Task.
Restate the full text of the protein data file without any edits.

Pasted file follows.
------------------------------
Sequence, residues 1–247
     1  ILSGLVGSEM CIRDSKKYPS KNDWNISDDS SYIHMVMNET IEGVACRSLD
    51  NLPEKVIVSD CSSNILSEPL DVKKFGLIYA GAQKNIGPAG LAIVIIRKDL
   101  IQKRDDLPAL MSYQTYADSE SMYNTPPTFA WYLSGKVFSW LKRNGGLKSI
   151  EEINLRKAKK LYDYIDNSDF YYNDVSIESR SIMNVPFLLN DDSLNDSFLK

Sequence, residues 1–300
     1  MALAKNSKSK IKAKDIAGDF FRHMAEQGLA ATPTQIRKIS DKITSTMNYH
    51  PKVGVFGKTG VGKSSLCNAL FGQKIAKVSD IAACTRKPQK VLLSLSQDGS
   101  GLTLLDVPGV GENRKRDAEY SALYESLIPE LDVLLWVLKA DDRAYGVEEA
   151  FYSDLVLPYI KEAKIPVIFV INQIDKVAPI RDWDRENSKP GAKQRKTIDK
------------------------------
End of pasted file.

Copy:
Sequence, residues 1–247
     1  ILSGLVGSEM CIRDSKKYPS KNDWNISDDS SYIHMVMNET IEGVACRSLD
    51  NLPEKVIVSD CSSNILSEPL DVKKFGLIYA GAQKNIGPAG LAIVIIRKDL
   101  IQKRDDLPAL MSYQTYADSE SMYNTPPTFA WYLSGKVFSW LKRNGGLKSI
   151  EEINLRKAKK LYDYIDNSDF YYNDVSIESR SIMNVPFLLN DDSLNDSFLK

Sequence, residues 1–300
     1  MALAKNSKSK IKAKDIAGDF FRHMAEQGLA ATPTQIRKIS DKITSTMNYH
    51  PKVGVFGKTG VGKSSLCNAL FGQKIAKVSD IAACTRKPQK VLLSLSQDGS
   101  GLTLLDVPGV GENRKRDAEY SALYESLIPE LDVLLWVLKA DDRAYGVEEA
   151  FYSDLVLPYI KEAKIPVIFV INQIDKVAPI RDWDRENSKP GAKQRKTIDK